Pyrazinamide (Z)

Pyrazinamide, discovered in 1952, is one of four drugs taken as part of a standard treatment regimen to treat TB. Pyrazinamide can also be used as part of a treatment regimen to treat MDR TB, usually involving five drugs.

Pyrazimide is used in South Africa’s standard regimens for the treatment of TB and MDR TB.




Adults with liver damage -

creatine clearance < 30 ml/min:


30 – 40 mg/kg daily (max dose 2500 mg)

25 – 35 mg/kg three times per week

30 – 40 mg/kg daily (max dose 1500)

Pyrazinamide should be taken daily during the two month of intensive phase of TB treatment. Pyrazinamide should be taken during the intensive and continuation phase of MDR TB treatment.


How it works:

Pyrazinamide is a chemically synthesised bacteriocidal antibiotic. It converts a special enzyme to an active form which inhibits the synthesis of fatty acids; this disrupts the cell membrane and disables energy production which is necessary for the survival of the TB bacteria.


Side effects:

Pyrazinamide can cause nausea, vomiting, joint pain and jaundice. Pyrazinamide is contraindicated in patients with severe liver disease.

Given the lack of safety data, pyrazinamide is not recommended by the Center for Disease Control and Prevention (CDC) during pregnancy. However, it is nevertheless routinely used during pregnancy and no significant adverse events have been reported.


Clinical evidence:

In 1957, a study compared the following 4 treatment regimens: isoniazid and pyrazinamide; isoniazid and streptomycin; PAS and streptomycin; and, isoniazid and PAS. Researchers concluded that the isoniazid and pyrazinamide combination was most effective and had the shortest time to sputum conversion. The downside of this regimen was that it had the highest rates of toxicity.1

In 1981, a review of studies of short course therapy concluded that 6 to 9 months of regimens including pyrazinamide and rifampicin were 100% effective.2 In 1982, a controlled trial of 5 different regimens containing isoniazid and rifampicin plus two of three additional medicines - streptomycin, pyrazinamide, and ethambutol - found that patients receiving regimens containing pyrazinamide were the least likely to relapse.3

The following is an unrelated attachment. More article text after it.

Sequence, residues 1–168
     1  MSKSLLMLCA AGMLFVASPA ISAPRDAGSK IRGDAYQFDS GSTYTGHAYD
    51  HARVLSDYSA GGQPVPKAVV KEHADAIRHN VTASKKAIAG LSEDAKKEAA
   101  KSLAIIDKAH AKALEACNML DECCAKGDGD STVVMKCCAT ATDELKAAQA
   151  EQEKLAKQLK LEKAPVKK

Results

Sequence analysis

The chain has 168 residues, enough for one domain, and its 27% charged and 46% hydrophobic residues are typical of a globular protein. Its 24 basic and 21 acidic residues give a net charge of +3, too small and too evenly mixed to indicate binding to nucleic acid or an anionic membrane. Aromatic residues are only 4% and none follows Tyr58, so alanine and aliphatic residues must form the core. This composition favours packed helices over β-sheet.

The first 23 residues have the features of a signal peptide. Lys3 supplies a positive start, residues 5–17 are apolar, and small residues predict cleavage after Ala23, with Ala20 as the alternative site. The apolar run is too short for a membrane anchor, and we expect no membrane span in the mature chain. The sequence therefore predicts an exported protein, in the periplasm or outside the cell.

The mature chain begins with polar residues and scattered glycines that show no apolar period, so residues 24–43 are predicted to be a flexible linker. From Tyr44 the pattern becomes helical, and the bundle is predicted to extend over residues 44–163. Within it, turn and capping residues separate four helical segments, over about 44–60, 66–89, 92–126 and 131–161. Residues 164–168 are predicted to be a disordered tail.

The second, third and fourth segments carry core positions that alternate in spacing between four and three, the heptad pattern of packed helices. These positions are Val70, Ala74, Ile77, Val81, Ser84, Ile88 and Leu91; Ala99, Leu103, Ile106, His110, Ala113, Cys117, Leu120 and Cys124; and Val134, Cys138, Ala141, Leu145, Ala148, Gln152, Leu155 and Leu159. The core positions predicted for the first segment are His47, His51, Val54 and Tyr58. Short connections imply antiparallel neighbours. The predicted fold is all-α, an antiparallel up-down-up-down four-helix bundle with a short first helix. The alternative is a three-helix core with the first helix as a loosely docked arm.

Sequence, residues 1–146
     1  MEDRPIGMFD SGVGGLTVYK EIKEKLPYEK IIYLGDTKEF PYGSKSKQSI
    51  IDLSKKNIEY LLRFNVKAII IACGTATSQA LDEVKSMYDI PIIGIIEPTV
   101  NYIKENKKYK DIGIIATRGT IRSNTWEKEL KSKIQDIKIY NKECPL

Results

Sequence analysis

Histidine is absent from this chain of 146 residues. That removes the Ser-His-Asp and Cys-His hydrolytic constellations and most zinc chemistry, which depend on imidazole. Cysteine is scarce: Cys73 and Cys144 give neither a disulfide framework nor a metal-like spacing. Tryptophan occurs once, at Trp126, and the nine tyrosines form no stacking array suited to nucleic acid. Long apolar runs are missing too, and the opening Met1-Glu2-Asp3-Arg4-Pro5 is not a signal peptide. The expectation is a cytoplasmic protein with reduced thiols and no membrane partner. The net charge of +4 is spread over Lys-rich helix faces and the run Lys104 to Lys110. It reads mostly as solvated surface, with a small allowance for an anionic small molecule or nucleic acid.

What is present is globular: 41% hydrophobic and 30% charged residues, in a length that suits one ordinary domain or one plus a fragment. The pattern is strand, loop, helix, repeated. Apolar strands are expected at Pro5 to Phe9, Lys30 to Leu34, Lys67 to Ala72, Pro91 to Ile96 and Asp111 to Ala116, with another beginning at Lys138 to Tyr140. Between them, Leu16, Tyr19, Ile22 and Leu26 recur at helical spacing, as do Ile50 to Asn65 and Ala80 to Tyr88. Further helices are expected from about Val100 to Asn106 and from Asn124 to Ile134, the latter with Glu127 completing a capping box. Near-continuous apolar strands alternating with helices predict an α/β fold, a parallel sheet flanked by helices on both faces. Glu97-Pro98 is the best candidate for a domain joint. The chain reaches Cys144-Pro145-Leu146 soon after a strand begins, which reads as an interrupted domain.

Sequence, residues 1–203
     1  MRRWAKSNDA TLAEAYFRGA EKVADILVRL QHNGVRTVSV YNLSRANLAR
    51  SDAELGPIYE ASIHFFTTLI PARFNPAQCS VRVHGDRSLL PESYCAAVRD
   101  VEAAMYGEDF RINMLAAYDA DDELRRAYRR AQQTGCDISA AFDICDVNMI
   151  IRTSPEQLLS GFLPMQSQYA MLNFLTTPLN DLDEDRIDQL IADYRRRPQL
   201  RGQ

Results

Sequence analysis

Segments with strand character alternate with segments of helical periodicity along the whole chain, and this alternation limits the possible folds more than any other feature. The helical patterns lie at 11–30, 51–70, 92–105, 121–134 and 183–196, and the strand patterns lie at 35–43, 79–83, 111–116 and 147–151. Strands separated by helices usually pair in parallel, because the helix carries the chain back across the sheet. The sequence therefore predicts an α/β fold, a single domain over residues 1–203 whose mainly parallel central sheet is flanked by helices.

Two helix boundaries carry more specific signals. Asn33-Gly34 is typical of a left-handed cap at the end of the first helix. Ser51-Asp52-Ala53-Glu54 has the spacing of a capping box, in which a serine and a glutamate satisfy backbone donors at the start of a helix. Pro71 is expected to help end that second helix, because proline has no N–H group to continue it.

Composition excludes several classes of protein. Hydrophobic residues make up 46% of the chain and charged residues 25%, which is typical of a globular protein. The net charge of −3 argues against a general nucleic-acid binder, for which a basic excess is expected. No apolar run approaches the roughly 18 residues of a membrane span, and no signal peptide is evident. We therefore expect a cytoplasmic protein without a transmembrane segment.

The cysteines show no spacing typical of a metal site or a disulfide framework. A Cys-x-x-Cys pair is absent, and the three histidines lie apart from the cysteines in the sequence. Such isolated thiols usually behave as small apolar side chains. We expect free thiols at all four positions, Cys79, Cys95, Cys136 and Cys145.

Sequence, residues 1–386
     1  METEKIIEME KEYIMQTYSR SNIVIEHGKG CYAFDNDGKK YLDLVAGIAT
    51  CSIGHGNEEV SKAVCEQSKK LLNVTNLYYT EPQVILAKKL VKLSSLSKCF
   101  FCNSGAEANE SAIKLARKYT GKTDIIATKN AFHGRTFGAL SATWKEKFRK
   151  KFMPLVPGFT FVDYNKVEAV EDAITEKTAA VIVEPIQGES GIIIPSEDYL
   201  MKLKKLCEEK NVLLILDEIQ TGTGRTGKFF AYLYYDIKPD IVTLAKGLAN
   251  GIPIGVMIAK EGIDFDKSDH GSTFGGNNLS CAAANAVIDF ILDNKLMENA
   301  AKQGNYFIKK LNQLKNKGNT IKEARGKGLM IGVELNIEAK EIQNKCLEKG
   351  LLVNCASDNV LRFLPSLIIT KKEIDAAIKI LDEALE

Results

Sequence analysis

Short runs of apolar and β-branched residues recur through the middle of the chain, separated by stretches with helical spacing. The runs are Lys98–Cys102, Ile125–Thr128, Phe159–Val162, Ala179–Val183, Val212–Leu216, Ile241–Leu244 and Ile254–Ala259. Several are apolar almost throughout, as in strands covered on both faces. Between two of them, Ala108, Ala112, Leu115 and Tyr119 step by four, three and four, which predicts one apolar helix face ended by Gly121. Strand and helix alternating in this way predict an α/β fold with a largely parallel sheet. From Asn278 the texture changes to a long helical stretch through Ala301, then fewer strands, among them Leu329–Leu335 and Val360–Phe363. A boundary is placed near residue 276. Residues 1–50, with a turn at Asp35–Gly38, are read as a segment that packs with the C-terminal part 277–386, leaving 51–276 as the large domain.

In 1986, the American Thoracic Society and the CDC updated guidelines to include pyrazinamide in first line treatment regimens for TB.

Pyrazinamide has also been shown to improve prognosis in treating MDR and XDR TB in patients that are still susceptible to the medicine. However it is not recommended as one of the four main drugs used in treatment.4


Pricing (per lowest unit, i.e. single tablet or injection):

SA Public sector (Aug 2009 – July 2011 tender)

Z (500 mg)


R (150 mg)/ E (275 mg)/ H (75 mg)/ Z (400 mg)


SA Public sector (August 2011 – July 2013 tender)

Z (500 mg)


R (150 mg)/ E (275 mg)/ H (75 mg)/ Z (400 mg)


SA Private sector

Z (500 mg)


R (150 mg)/ E (275 mg)/ H (75 mg)/ Z (400 mg)


* Private sector prices sourced on 26/07/11. Global Drug Facility prices converted to rands on 26/07/11.

* Private and public sector prices may vary between suppliers. The lowest available prices are shown here.


Advocacy issues:

  • Affordable versions of pyrazinamide are available and supply is secure. Pyrazinamide is available in fixed dose combinations.


1 JA Schwartz. Comparative efficacy of the concurrent use of pyrazinamide and isoniazid with that of other forms of therapy in the treatment of pulmonary tuberculosis. Dis Chest. 1957 Oct;32(4):455-9.

2J Grosset. Studies in short-course chemotherapy for tuberculosis. Basis for short-course chemotherapy. Chest. 1981 Dec;80(6):719-20.

3 [No authors listed] Controlled trial of 4 three-times-weekly regimens and a daily regimen all given for 6 months for pulmonary tuberculosis. Second report: the results up to 24 months. Hong Kong Chest Service/British Medical Research Council. Tubercle. 1982 Jun;63(2):89-98.

4 JA Caminero et al. Best drug treatment for multidrug-resistant and extensively drug-resistant tuberculosis. Lancet Infect Dis. 2010 Sep;10(9):621-9.


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By Catherine Tomlinson

Published: Sept. 1, 2011, 11:40 a.m.

Last updated: Sept. 6, 2011, 3:09 p.m.

Tags: Treatment

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